President Calvin Coolidge chose to spend the summer in the Black Hills during a pivotal year in the history of the United States and South Dakota. Against the backdrop of the roaring twenties on Wall Street, a farm crisis brewed in the Midwest with bank failures that foreshadowed the Great Depression. During his time in the Hills, Coolidge resided in the State Game Lodge, entertained dignitaries from around the world, fished for trout, attended rodeos and became the first American president to visit an Indian reservation. Calvin Coolidge's summer in the Black Hills also played a critical role in shaping the tourism industry in this region.
The Black Hills Knolwedge Network created a permanent, online exhibition detailing various aspects of the Coolidge Summer of 1927, featuring photos from the Rapid City Public Library's digital archives.The goal is to help visitors, students, and area residents understand the legacy of the Coolidge summer by offering a rich variety of photos, documents, and history.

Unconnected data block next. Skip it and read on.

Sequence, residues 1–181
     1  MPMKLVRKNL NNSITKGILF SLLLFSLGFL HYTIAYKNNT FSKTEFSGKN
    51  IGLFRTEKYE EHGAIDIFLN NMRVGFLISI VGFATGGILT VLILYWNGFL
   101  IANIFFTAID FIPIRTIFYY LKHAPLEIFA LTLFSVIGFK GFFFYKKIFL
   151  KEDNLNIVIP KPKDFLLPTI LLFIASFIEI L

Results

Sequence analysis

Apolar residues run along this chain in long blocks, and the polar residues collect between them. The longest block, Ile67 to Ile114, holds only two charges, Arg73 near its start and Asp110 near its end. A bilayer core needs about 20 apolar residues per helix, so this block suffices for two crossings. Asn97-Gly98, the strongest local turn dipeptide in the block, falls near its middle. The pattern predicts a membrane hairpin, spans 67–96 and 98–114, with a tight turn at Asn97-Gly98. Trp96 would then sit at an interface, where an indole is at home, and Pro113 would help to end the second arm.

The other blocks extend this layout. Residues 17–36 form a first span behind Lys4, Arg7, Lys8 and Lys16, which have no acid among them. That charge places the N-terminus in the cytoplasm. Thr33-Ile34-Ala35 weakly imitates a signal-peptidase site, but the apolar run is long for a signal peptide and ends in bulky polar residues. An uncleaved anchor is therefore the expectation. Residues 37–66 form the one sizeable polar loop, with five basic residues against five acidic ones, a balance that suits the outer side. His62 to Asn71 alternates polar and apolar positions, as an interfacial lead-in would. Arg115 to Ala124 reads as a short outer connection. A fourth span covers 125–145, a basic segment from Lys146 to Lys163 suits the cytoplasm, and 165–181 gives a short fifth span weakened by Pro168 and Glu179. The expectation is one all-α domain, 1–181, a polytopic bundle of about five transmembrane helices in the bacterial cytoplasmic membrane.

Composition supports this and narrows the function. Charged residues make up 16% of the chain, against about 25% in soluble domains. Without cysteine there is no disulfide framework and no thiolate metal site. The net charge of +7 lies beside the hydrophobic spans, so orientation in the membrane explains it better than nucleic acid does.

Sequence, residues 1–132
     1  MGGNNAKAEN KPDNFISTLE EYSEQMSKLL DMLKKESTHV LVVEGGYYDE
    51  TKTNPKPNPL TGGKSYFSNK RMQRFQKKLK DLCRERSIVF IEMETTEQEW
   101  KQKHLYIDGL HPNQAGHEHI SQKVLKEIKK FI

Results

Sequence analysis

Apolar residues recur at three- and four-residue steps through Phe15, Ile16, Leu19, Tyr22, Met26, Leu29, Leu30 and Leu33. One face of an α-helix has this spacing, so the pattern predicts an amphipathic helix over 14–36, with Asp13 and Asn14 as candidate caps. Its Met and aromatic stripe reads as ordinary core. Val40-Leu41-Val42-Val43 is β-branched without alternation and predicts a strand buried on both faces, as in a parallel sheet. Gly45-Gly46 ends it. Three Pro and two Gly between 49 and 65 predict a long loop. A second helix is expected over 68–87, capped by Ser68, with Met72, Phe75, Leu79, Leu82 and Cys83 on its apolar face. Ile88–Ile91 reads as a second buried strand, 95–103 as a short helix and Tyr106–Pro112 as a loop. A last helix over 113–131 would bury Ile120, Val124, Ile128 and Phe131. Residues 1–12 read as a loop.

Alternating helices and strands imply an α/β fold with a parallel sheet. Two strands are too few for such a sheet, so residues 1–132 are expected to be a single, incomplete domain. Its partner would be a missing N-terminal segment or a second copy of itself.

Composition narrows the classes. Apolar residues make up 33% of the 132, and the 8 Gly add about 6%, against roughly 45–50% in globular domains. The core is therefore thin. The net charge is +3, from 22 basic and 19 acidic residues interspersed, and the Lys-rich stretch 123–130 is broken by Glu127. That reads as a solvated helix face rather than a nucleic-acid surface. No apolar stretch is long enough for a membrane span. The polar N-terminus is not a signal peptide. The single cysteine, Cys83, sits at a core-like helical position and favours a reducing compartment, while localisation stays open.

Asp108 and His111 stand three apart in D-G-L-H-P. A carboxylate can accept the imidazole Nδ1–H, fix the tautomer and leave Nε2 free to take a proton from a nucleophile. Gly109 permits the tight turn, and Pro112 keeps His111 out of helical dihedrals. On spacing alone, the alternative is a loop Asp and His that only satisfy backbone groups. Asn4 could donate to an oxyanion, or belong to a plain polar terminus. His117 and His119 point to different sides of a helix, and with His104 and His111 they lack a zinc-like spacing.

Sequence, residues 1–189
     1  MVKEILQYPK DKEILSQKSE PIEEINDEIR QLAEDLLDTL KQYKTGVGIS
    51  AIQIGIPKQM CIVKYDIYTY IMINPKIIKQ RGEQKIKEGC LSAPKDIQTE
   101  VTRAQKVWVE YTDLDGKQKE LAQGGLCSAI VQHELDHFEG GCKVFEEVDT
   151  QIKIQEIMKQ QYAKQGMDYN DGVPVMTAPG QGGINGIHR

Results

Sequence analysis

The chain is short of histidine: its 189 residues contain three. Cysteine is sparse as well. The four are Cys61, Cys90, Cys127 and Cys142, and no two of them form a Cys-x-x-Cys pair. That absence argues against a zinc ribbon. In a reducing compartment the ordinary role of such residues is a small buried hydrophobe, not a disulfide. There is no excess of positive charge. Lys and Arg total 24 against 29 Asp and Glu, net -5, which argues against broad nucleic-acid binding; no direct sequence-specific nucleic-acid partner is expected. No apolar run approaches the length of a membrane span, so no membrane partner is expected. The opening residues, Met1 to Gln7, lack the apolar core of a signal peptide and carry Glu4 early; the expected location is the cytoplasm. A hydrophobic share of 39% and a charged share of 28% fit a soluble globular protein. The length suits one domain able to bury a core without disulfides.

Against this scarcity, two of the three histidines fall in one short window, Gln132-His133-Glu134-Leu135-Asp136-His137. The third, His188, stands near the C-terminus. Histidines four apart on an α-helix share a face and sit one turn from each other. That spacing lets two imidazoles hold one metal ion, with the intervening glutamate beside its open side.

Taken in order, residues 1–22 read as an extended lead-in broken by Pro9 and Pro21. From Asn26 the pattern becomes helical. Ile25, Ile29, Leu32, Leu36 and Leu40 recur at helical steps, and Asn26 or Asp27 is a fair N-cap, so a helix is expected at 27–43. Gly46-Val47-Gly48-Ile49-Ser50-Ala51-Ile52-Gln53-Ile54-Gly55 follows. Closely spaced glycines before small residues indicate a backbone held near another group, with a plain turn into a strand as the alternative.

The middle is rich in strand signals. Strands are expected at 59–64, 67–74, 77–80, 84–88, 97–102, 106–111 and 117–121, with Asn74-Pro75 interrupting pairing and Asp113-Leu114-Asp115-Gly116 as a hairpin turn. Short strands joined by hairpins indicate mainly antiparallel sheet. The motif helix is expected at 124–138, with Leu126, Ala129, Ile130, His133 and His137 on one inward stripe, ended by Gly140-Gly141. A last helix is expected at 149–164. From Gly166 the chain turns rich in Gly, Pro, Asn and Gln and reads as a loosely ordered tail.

The site features bios of Calvin and Grace Coolidge, background on the president's famous announcement that he would not run for reelection, an overview of the Coolidges' contribution to the development of tourism in the region—including Mount Rushmore—and information on Coolidge's visit to the Pine Ridge Indian Reservation, including the text of his speech.
Historians Amy Davis and Eric Zimmer, working with historian Dr. Eric Abrahamson and the Rapid City Public Library's Samantha Slocum and other staff members developed the online exhibition, which is intended to the be first in a series of online history exhibits offered by the Rapid City Public Library and the Black Hills Knowledge Network.